Baca Ranch with Sangre de Cristo Mountains in background
U.S. Fish and Wildlife Service to Host Management Perspective Tours on the Baca Refuge
Prescribed Burns Planned at Baca National Wildlife Refuge May 1 - June 30, 2011
On November 22, 2000, Congress authorized the establishment of the Baca National Wildlife Refuge. Situated in the San Luis Valley, a high mountain desert surrounded by two 14,000-foot mountain ranges, the Refuge contains a diverse suite of habitats including desert shrublands, grasslands, wet meadows, playa wetlands, and riparian areas. Fed primarily by melting mountain snow, numerous streams flow across the Refuge providing an abundance of life in an otherwise arid landscape. The Refuge is home to a large number of wildlife and plant species. In addition to the plant and animal resources contained on the refuge, the area also is rich in historic and cultural resource sites, some of which date over 12,000 years ago.
The Refuge abuts lands owned or controlled by other conservation entities including The Nature Conservancy (TNC), the National Park Service (NPS), and the Colorado State Land Board. This complex of lands, totaling more than 500,000 acres, contains one of the largest and most diverse assemblages of wetland habitats remaining in Colorado.
The Baca National Wildlife Refuge is currently closed to public access.
Conceptual Management Plan (2.5 MB PDF)
Lexam Explorations (U.S.A.) Inc. has provided documentation to USFWS showing that it is an owner of mineral rights below portions of the surface estate on the Refuge, and therefore is entitled to make use of the surface for exploration. Lexam acquired their mineral interest prior to acquisition of the surface estate in the Baca Ranch by the USFWS. With respect to State of Colorado law on subsurface mineral rights in Colorado, the subsurface mineral property owner has rights to pursue recovery of its minerals.
Lexam Explorations (U.S.A) Inc., an owner of a mineral interest below portions of the surface estate of the Baca National Wildlife Refuge, has proposed drilling two wells to explore for oil and gas beneath the surface estate of the Refuge.
April 1, 2011: The U.S. Fish and Wildlife Service (Service) has issued a Finding of No Significant Impact for a proposal by Lexam. A Finding of No Significant Impact is issued when the environmental analysis and interagency review find a project proposal to have no significant impacts on the quality of the environment. This finding is supported by the final environmental assessment which describes the project proposed by Lexam to conduct initial exploration of mineral interests under the Refuge and analyzes alternatives that seek to protect Refuge resources while honoring a mineral owner's legally vested right to access and explore.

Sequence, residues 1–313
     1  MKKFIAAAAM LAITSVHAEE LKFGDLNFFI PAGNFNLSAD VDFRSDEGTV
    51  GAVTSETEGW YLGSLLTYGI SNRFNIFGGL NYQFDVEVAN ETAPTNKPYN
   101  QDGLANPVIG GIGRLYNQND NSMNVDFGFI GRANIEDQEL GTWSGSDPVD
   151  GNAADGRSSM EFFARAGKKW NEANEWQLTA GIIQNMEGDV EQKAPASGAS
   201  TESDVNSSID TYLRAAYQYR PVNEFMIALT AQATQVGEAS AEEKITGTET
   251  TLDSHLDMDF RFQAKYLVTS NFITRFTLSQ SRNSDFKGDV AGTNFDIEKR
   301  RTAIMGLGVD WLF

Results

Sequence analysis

The environmental assessment evaluated the stipulations of the preferred alternative designed to protect the surface estate and other resources of the Refuge from unreasonable damage during all phases of the oil and gas exploration. This finding is limited to the two exploratory wells as stated in the proposal. Any additional exploration wells or activities supporting the production of natural gas or oil on the Refuge will be analyzed through an additional and separate National Environmental Policy Act (NEPA) process. NEPA is a United States environmental law that requires all Federal governmental agencies to consider the environmental impacts of any proposed federal actions and reasonable alternatives to those actions. The Service released a draft environmental assessment in January 2011 for public review and comments were solicited. The Service has considered all comments received in its final environmental assessment.
The preferred alternative outlines 43 terms and conditions to be imposed upon Lexam by the Service in addition to those required by the Colorado Oil and Gas Conservation Commission and Saguache County which ensure the exploration program will not have a significant impact on the natural and human environment. Of particular interest are those measures intended to minimize disturbance to wildlife by restricting the seasons of exploration activity to reduce or eliminate interference with migratory bird breeding and big game calving; minimize the risk of ground and surface water contamination; minimize or eliminate impacts to wetland habitat, sensitive fish populations and plant types; reduce probability of noxious weed infestations; manage fugitive dust; and reduce air, noise and light pollution from exploration activities. Appendix D of the final environmental assessment contains a full description of the protective measures required by the Service.
For more information:
News Release: April 1, 2011: U.S. Fish and Wildlife Service Proposes Protection Measures for Exploratory Oil and Gas Wells on the Baca National Wildlife Refuge in Southern Colorado
Entire FONSI & Environmental Assessment - April 2011 (45 MB PDF)
Or View individual Chapters of the April 2011 Environmental Assessment
- Decision Documents (includes FONSI)
- Chapter 1: Introduction
- Chapter 2: Description of Alternatives
- Chapter 3: Affected Environment (11MB PDF)
- Chapter 4: Environmental Consequences
- Chapter 5: List of Preparers
- Chapter 6: References
- Appendixes (28 MB PDF)
Proposed Location Map
Technical Report: Environmental Assessment Supplement (prepared by PBS&J 7.8 MB PDF)
Technical Report: Acoustical Environment Assessment (prepared by PBS&J PDF)